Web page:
Many thanks Rory. I'm still trying to get to grips with the way it all works, and that helped a lot. So at least in principle, the L513 originator may have been amongst the groups known now as Erainn (I accept that this people will have included different haplogroups amongst them, of course), with related subgroups then fanning out throughout Ireland, and also over to Scotland/England? I don't know enough about the ancient history of Ireland, but I have consulted some excellent books on early Scottish history, among them 'Somerled and the Emergence of Gaelic Scotland' by John Marsden, 'The Problem of the Picts', Wainwright et. al., and 'A History of the Scottish People', T.C. Smout; all of these of course make reference to Dalriada, but emphasize the near certainty that migration from Ireland was happening in the centuries before. One piece of evidence is the location and age of Ogham stones up the west coast of Britain. I too would love to hear from any other L513 folks; to my eye, the common factor in L513 is Ireland, as it seems like most of the groupings have at least one surname cluster which is obviously Irish. I was interested in the possible Cruithne link, as these are sometimes referred to as 'Picts', so could represent another Ireland/Scotland link; however I know there is much debate on that one.

oneillabu
05-24-2014, 09:34 PM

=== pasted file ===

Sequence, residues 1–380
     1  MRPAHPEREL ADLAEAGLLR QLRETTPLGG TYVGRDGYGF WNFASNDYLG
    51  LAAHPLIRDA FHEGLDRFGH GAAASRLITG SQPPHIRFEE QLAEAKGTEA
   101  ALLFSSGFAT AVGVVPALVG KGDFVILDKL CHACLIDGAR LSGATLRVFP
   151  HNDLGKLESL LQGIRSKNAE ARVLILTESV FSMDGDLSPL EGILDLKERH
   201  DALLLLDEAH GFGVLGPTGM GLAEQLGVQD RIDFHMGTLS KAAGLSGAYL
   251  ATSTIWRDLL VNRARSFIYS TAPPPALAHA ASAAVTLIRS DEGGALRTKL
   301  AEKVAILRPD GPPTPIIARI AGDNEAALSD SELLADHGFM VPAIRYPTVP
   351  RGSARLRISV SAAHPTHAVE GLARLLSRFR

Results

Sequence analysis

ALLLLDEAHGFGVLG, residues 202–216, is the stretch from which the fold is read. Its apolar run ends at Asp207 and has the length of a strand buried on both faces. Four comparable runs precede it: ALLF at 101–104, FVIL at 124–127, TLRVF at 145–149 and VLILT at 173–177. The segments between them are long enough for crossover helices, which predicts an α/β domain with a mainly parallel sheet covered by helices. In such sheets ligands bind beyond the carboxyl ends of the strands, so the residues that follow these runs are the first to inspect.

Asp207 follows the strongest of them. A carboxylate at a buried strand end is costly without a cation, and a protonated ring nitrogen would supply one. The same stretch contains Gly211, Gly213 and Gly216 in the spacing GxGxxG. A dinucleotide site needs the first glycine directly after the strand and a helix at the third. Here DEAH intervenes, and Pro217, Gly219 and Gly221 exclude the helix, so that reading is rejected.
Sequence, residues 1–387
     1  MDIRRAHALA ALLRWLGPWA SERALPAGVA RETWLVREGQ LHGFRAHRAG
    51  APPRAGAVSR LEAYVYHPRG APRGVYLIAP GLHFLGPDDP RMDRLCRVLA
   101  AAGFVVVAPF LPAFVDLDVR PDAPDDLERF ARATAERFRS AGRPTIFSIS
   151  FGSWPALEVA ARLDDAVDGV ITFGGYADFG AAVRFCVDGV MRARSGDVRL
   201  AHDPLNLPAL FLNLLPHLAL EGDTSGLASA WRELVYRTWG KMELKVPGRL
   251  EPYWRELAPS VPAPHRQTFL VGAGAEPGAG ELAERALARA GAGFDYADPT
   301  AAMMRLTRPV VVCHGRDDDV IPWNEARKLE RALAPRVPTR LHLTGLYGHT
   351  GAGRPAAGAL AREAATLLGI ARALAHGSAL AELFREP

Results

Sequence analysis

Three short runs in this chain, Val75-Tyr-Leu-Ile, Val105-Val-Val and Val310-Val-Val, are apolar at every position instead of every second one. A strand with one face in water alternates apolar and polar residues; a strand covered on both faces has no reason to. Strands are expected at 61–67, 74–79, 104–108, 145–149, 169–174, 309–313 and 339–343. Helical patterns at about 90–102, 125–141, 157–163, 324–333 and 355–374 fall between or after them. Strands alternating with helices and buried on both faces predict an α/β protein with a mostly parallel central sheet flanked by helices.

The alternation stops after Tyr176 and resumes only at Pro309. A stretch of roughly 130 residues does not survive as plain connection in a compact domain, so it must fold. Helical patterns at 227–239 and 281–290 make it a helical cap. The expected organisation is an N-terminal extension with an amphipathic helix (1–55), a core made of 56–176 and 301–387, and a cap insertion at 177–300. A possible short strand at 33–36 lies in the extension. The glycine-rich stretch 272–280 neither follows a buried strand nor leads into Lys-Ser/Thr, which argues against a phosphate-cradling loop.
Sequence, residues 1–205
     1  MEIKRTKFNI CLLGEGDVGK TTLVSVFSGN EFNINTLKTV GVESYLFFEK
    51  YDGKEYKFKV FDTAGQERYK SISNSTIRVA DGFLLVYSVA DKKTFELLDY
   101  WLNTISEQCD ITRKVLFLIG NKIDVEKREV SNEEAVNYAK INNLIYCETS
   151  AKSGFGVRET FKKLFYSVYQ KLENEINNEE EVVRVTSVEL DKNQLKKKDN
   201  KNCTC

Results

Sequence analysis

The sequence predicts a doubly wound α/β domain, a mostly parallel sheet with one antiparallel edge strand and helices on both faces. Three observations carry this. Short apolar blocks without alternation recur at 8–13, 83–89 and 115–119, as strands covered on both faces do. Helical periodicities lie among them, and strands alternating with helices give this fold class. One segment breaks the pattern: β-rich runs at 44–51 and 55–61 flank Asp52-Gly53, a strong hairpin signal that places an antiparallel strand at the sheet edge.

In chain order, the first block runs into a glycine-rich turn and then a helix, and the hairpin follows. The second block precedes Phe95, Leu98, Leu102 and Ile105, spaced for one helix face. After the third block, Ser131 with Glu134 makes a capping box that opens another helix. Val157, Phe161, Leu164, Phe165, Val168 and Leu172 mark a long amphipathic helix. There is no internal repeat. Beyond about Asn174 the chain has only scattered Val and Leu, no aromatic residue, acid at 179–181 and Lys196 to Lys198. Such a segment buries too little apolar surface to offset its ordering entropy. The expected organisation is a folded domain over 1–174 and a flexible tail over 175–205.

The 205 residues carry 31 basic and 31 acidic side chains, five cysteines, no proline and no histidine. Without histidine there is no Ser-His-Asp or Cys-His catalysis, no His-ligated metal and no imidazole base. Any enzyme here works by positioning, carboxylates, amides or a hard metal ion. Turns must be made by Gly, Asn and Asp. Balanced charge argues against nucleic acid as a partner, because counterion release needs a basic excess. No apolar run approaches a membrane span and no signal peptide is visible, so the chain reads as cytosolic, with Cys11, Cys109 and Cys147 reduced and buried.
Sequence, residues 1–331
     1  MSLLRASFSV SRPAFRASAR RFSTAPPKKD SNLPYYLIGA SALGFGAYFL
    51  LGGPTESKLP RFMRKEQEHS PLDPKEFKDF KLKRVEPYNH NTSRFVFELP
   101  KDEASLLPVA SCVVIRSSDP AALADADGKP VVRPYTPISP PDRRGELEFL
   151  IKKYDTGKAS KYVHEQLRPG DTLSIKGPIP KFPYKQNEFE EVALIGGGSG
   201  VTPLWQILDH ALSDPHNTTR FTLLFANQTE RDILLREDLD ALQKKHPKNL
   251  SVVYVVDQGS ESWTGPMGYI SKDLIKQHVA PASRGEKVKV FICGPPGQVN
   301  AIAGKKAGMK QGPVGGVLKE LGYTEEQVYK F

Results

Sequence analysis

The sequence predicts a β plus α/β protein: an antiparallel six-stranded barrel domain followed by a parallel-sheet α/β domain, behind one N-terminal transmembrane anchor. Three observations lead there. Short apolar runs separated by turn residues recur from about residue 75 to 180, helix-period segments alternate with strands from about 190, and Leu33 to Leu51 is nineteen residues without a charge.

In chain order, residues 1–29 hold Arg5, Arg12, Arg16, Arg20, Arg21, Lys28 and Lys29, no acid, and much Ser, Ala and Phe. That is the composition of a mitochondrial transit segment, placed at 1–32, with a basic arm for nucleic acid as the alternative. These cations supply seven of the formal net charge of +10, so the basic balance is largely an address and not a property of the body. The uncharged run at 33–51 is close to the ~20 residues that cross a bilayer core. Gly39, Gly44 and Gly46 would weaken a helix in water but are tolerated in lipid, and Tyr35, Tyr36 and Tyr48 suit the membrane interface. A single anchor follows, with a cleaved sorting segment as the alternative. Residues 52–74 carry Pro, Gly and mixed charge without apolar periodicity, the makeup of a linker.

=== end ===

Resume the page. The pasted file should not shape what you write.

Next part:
[QUOTE=Rory Cain;40454]We do indeed have a long way to go. I wonder if the originator of this thread hasn't bitten off more than he can chew.

Looking at the tribes that electricscotland makes to be Erainn, few have had their DNA established with any certainty. However they appear to include:
O Driscoll, chief of Corcu Luighde, haplogroup I-PF4135
O'Shea, part of the Corcu Duibhne, R-L513
MacCurtin, part of the Corcu Modhruadh, J-M172
Breasal, Phelan, Whelan of the Deisi Mumha, R-L144/L195/CTS1751
O'Brien of Dal gCais, R-L226
O Tracy of Ui Bairrche Tire, R-DF21


I really am sick to death of your behaviour, you do not have the right to invent a ridiculous origin for DF21 with no research provided and not one shred of evidence to support your Brigantes / Ui Bairrche nonsense. You have actually labelled S5456 people who have surnames such as McMahon, Folan (Aran Islands), Byrne, Keane, Corcoran, Feeney, Gaffney, Conway, Alexander, Rowan and King as Brigantes / Ui Bairrche in the DF21 section of the O’Keane project. It obviously does not matter to you that none of these names support your theory.